More than half of Britons are addicted to watching TV
More than half of Britons would describe themselves as TV addicts, according to new research by Freeview.
In its report, National Obsession: our relationship with TV, 52% of respondents admitted they were addicted to watching television.
Freeview found that people’s viewing habits were borne out of habit and routine, with 24% saying they watched TV ‘on autopilot’.
A third (33%) said TV provides a sense of structure to their lives and 45% said TV helps them to relax or switch off.
Brits are also cautious when choosing new programmes to watch, according to the report.
One in six (16%) said they will watch a new TV show because of a ‘fear of missing out’ and one in four (25%) because it’s being talked about in the media.
But many are risk averse, opting for new shows that come recommended by friends or family (43%) or star their favourite actor (35%).
Guy North, managing director of Freeview, said: “Technology is changing how we watch, but we wanted to conduct this research to establish how this has changed our relationship with television.
“Our report shows that Britons love their telly; in fact, many of us are addicted to it.
“It also plays a valuable social role, not only helping us to relax, unwind and escape, but also bringing people together. In a world of constant tech distractions, long working hours and lots of pressure, those are good benefits.”
Mr North said that Britain’s longest-running TV soap turned 55, showing the country’s love for “old favourites”.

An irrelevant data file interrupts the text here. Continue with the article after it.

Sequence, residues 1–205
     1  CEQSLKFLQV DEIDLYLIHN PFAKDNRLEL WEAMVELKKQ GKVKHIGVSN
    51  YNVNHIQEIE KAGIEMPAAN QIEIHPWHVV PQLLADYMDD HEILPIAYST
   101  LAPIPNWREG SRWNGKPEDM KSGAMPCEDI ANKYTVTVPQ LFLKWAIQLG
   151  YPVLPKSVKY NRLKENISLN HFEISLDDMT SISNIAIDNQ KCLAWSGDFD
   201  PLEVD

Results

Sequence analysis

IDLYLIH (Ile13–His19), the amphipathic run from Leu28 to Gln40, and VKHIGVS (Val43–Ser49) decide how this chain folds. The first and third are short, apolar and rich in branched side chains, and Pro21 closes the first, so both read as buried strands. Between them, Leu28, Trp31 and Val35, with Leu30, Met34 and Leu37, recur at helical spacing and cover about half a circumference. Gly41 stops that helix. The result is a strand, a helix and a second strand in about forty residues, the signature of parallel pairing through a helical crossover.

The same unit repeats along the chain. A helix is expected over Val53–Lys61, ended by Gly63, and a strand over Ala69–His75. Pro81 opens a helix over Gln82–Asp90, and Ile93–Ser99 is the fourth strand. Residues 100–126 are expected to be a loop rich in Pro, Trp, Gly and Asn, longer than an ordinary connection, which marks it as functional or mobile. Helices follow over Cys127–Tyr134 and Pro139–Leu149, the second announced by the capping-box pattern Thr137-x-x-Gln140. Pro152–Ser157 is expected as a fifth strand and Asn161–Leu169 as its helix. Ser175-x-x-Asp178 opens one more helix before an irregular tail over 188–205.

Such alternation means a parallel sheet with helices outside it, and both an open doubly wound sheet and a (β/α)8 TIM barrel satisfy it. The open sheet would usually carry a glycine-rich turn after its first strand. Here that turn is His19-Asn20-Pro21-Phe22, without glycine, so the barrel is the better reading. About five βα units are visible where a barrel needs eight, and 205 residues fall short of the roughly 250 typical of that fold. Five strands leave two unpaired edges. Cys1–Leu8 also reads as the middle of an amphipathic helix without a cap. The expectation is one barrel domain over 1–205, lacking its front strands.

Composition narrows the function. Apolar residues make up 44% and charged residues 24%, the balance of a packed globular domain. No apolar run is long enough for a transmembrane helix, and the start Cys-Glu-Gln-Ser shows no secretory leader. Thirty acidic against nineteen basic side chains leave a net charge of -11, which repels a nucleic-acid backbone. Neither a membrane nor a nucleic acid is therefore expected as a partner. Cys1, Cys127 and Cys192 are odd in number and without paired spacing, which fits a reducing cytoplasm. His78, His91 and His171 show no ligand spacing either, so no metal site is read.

'Sense of community'
“So it makes sense that when Brits watch new programmes, it’s usually something relatively safe, perhaps with their favourite actor or from a writer they’re familiar with.
“But it is also interesting to see that one in six watch because of FOMO (fear of missing out).
“Clearly, the programmes you watch can be a bit of a status symbol, and certainly a popular conversation topic.”
According to the report, when Britons miss their favourite programme, it’s most often to spend time with their family (19%) or to socialise with friends (18%).
TV can also apparently help to bring family and friends together, even if that means making a compromise on what you watch.
More than a quarter of those surveyed (29%) watch television to help bring together family, partners or housemates, and a third of people (31%) make some kind of compromise or joint decision with family or housemates about what to watch.
Behavioural psychologist Dr Peter Collett said: “TV viewing is much more than a process of edification and entertainment.
“It’s also, essentially, a medium for connecting with other people, synchronising one’s own experiences with others and creating a shared emotional space.
“TV also provides an opportunity for the exchange of opinions – a chance to comment on what’s happening on the screen and to hear what the other people present are thinking.
“TV is therefore a cohesive medium, bringing people together and instilling a sense of community and belonging.”
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